To me, the extraordinary “headwind” A/E/C reprographers face at this point in the history of reprographics “vis a vis” the A/E/C industry, is not the cyclicality of design / development / construction, nor the cyclicality of financing for A/E/C projects, but, rather, the headwind that’s represented by the single-most extraordinary change the reprographics industry has ever, in my lifetime, experienced. And, I’m speaking about the ‘headwind” that “A/E/C business process automation” represents. More and more A/E/C customers are finding ways to reduce the need to print. More and more A/E/C firms are moving to BIM. As the use of BIM grows, the need to print A/E/C documents will decline. As the use of electronic estimating software programs increases, that, too, will have an adverse impact on “print. Historically, traditionally, virtually all reprographers generated most of their “large-format” revenues from printing “bid sets” (that typically takes place once or twice for each project.) As I’ve pointed out in previous articles on this blog, A/E/C customers are not reducing print quantities because they want to be green, they are reducing print quantities because developments in “business process automation” are enabling them to print less than they printed before. In addition to that change, there has been a very dramatic shift in “where” printing is done. Reprographers who I speak to (and I do speak to a lot of reprographers all over the country) are complaining that, nowadays, they aren’t getting as many “buik” (high-volume) print orders as they used to get and that they are seeing more and more customers, especially GC customers, “send files” to project participants, rather than send “prints.” This typifies the shift from “centralized” printing to “decentralized” printing. As a reprographer, would I rather receive an order for 50 sets of printed plans and specs, or would I rather receive an order for 50 CD’s or, worse yet, would I rather receive an order to put documents (plans and specs) in my plan room with instructions from the customer who placed those files with me to permit “file downloads” to project participants who need the documents? Some will point out, and rightly so, that just because files are transferred, rather than printed “centrally”, does not mean that those files won’t be printed. Most who receive the files will print them (or order prints from the files.) And, this is why reprographers have offered “FM” programs, even down to the sub-contractor level. (Quite frankly, any reprographer who still does not offer “equipment for customer offices” is completely missing the boat.) Offering FM programs allows a reprographer to capture at least some of the revenue from “distributed” printing. But, the main point I’d like to make about this particular issue (the morphing of centralized printing to decentralized printing) is that the highest margin A/E/C print jobs reprographers have traditionally done were the “centralized” high-volume bid set jobs they did. Maintaining that same margin of profitability will, at best, be tough to achieve.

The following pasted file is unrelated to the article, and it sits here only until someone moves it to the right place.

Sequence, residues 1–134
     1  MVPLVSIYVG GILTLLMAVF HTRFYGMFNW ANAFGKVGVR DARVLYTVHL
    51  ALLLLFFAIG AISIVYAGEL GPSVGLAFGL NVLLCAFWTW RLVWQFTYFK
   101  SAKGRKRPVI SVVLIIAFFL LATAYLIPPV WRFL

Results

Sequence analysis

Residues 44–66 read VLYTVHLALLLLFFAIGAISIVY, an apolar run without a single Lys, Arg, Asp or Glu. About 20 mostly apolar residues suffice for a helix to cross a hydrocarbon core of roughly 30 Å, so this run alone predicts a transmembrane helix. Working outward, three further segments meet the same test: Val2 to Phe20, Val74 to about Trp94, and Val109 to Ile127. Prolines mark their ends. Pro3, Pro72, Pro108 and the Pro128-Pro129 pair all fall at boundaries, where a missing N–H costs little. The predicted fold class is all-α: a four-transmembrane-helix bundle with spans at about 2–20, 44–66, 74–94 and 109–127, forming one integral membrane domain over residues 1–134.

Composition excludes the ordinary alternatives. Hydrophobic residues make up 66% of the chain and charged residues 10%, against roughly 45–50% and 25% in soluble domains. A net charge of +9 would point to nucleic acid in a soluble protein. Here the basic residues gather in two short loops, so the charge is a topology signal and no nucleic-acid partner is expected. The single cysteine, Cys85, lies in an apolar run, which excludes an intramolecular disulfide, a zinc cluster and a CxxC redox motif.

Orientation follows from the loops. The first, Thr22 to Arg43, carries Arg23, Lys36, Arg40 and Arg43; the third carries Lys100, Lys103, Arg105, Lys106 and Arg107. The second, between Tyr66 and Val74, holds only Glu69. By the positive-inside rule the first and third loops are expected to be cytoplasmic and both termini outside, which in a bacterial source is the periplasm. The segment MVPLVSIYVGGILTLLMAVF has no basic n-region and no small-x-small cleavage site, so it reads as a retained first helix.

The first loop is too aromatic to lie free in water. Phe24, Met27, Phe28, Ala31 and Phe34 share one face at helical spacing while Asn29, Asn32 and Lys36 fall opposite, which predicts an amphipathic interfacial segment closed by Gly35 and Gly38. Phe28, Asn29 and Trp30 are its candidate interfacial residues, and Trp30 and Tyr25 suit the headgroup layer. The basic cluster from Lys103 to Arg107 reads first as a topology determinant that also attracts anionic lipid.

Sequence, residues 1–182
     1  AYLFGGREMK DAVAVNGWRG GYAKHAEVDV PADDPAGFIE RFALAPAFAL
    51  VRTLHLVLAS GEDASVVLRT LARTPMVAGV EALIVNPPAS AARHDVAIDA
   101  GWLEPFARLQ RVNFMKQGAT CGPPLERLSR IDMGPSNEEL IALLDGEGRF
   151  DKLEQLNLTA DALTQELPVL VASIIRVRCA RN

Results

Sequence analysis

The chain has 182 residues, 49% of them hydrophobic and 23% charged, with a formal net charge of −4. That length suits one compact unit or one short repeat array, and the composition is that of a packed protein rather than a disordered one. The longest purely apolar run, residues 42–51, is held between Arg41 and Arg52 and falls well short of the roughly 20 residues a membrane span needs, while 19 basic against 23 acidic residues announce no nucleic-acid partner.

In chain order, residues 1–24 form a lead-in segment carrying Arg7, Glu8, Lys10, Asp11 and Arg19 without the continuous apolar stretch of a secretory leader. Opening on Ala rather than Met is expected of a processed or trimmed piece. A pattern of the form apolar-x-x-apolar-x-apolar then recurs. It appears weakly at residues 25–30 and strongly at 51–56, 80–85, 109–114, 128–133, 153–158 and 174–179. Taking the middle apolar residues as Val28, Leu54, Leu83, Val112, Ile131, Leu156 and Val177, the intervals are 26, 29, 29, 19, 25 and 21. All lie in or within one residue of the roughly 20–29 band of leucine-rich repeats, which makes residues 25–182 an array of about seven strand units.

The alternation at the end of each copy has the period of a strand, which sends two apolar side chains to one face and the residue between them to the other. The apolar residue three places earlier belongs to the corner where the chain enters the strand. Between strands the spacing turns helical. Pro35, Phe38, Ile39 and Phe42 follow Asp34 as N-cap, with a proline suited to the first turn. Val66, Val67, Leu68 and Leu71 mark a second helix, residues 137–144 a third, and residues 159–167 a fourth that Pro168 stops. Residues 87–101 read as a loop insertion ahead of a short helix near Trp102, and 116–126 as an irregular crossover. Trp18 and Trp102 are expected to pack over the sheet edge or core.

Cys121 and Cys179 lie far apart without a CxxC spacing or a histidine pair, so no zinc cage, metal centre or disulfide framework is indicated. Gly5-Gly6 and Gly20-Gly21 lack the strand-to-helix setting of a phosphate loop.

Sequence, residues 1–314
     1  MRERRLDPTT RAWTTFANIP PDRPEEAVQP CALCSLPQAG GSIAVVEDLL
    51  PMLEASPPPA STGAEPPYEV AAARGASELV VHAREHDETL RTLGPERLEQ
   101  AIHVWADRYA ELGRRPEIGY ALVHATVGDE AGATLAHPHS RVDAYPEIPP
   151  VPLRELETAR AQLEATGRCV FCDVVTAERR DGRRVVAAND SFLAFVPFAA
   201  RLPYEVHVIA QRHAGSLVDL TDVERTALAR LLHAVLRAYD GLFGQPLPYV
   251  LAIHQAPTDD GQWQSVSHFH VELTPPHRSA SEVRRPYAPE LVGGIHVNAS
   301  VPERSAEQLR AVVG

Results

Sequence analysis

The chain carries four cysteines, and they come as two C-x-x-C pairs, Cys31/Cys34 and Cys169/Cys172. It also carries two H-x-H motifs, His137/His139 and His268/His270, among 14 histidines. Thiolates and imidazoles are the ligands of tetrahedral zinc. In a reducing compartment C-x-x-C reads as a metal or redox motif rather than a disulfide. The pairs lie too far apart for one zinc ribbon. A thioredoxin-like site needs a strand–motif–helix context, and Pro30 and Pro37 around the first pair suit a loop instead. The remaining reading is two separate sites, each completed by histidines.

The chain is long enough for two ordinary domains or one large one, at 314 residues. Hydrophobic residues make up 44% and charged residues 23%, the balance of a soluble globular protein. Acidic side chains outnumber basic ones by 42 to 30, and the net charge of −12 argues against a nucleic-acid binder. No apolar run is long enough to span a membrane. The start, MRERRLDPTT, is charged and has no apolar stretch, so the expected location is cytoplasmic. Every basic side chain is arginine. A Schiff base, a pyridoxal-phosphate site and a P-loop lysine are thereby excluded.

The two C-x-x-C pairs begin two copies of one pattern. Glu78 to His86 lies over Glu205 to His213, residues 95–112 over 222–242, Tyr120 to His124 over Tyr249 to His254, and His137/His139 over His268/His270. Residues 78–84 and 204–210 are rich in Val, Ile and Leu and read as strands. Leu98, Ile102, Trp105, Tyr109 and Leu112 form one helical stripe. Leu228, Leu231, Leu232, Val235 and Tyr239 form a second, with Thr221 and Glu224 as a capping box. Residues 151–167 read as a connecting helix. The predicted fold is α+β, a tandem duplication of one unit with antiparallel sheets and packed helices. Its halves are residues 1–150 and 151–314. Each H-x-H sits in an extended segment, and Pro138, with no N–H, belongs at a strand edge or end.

In Investor Presentation Powerpoint document, ARC points out, under the “key investment highlights” on page 7, that it has the ability to acquire more companies to expand market share. ARC certainly has strong experience with that, and, in past articles on this blog, I believe I’ve stated that ARC’s “industry roll-up” was an outstanding, and well-executed, growth strategy. Many reprographers who did not sell to ARC when they were first approached by ARC (prior to the start of the current recession) are remorseful that they did not sell-out to ARC. It is quite likely that those reprographers are looking forward to the resumption of ARC’s reprographer-acquisition initiatives. Personally, I think that “right now” would be a good time for ARC to re-start its acquisition initiatives, for there are likely to be companies available at a price less than half of what ARC would have paid before the recession started. As in the real-estate foreclosure market, if you have the financial wherewithal to buy, the bargains are there to be had. ARC has the knowledge and experience to quickly consolidate acquisitions into its existing business, and there are, most certainly, economies of scale to be gained. Unfortunately, one negative outcome will likely be a further decline in the total number of reprographics industry employees. Anyway, during the past couple of quarters, if not a bit longer, ARC’s been talking about renewing its acquisition activities. We’ll just have to sit back and see if that actually happens.